Loss, it seems, comes in waves. This past year and a half, with a half a million Americans succumbing to COVID alone, was a bit more like a tidal or rogue wave than the random waves of loss that normally accompany our precious lives.
Stan Goldstein was an avid reader of this blog. When he died I lost a brilliant, loyal, quirky friend, who managed to find time to bake, package and deliver home-made almond roca every Christmas. I wrote a blog post or two about him—he was the guy who wrote the word “stoichiometry” on a piece of paper after I tried to understand why the Cessna 150’s Continental engine gave out on me while I was flying over the mountains. His life had its share of adversity, his estranged ex-wife and daughter having “pre-deceased” him, his daughter by suicide some years back. Stan played poker with me every month for many years. He could be acerbic and just as quickly kind and compassionate, and if he could do anything to help you he would.
His heart was never quite the picture of health, and he reminded me periodically how he had died more than once on the operating table and had to be resuscitated. He was an avid Scientologist, which always made for good conversation. As a younger man, he raced cars and even held a record at some Southern California raceway. He was born into a Jewish family, the son of a delicatessen owner. His father kept in the local Mafia’s favor by storing their cash for them in his freezer. When asked if he had experienced anti-Semitism as a racecar driver, he responded “Are you kidding me? All the time.” He recounted the many times he was sabotaged while racing, certain it was due to the “Goldstein” on the side of his car. He was sincere to the point of admitting the truth of the accusations made against his adopted church, and he did not whitewash them. He died in the midst of the COVID epidemic, but not due to COVID. His heart eventually gave out on him.
Another Stan who I knew and worked with for nearly a decade did die from COVID. I hired Stan Pavey to become the training director at a clinic where I worked in Glendale as the clinical director. He was a highly respected and well-loved professor at California School of Professional Psychology, who had a thick crop of silver hair and a warm and engaging smile. He was soft-spoken, whip smart and avuncular. He was one of those people with whom everyone felt comfortable, and who treated everyone with the same level of interest and respect.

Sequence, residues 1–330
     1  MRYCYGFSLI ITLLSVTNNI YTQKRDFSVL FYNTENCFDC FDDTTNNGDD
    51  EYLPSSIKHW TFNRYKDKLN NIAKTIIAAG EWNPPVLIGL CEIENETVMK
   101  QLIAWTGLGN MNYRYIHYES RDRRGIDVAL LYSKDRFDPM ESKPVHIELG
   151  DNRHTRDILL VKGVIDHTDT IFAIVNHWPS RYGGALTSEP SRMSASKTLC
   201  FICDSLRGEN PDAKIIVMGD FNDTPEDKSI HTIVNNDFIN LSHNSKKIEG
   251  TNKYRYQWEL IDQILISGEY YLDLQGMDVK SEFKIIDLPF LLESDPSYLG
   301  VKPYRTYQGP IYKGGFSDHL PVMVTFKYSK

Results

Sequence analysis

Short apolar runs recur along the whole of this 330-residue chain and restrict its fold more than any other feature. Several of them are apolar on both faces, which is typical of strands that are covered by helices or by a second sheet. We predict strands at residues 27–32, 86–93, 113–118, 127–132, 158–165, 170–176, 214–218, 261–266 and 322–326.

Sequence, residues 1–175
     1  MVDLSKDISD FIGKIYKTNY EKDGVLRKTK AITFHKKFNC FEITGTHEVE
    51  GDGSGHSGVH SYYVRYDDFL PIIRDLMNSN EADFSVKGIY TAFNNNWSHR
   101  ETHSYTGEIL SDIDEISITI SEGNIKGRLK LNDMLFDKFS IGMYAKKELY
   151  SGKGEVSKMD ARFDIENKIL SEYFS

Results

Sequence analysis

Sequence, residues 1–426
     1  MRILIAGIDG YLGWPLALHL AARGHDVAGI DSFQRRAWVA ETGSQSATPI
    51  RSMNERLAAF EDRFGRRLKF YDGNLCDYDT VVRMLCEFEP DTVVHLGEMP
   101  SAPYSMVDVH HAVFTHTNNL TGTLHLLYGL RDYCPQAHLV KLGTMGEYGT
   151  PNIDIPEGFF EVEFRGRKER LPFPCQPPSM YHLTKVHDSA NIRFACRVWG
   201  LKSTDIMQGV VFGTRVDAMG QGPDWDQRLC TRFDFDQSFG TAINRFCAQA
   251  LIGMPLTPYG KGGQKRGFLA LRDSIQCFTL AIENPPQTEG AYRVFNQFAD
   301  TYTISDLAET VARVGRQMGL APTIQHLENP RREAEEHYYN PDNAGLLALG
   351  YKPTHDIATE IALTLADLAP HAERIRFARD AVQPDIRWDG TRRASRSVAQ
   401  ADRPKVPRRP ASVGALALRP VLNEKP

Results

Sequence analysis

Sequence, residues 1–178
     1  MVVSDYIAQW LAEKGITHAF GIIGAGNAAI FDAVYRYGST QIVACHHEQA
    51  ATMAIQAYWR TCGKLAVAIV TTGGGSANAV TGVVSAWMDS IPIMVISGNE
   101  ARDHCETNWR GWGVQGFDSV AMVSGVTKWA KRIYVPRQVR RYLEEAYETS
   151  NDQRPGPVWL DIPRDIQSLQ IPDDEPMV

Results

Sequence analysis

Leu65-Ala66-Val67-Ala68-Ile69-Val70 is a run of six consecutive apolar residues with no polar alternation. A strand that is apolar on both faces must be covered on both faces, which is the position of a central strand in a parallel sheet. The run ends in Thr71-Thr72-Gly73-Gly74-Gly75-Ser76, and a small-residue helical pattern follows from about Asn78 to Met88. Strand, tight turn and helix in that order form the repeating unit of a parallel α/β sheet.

Stan’s health had not been good leading up to COVID, and apparently—despite his ever-youthful appearance, he couldn’t fight it off. He never married, but each time I bumped into him at some LA restaurant, which was oddly often, he was seated with a different, younger woman, many of whom I learned were lifelong friends.
It’s been a rough couple of years. As I write this now, I learned last night of the death of Bob Mann, a social worker with whom I had been close during our years working together at the San Fernando Child Guidance Clinic in Northridge, California. Though we had barely kept in touch in the ensuing years, Bob was more than an extraordinary presence. Kind-hearted, soft and loving, yet never too shy about reminding me that I always pronounced “Asperger” incorrectly. He was one of the few people I knew who wasn’t afraid of using his vast vocabulary. He and I would walk the halls of the clinic punning to each other under our breaths, and he was kind enough to offer an occasional chuckle when I attempted to say something funny. No one who ever met Bob could say they were not in the presence of a uniquely brilliant, charming, kind human being. He died from the ravages of prostate cancer.
Words certainly seem empty in the face of the ultimate mystery. I suppose that it’s the pain of loss that gives life its value– or not. There’s no salve for me believing in any of the myths the various religions provide, only degrees of discomfort with the unknown. All we really have, I suppose, are brief moments of interest, laughter, sadness, fleeting moments of connection. Each of us singular flowers, blessed, occasionally, by the visit of a hummingbird.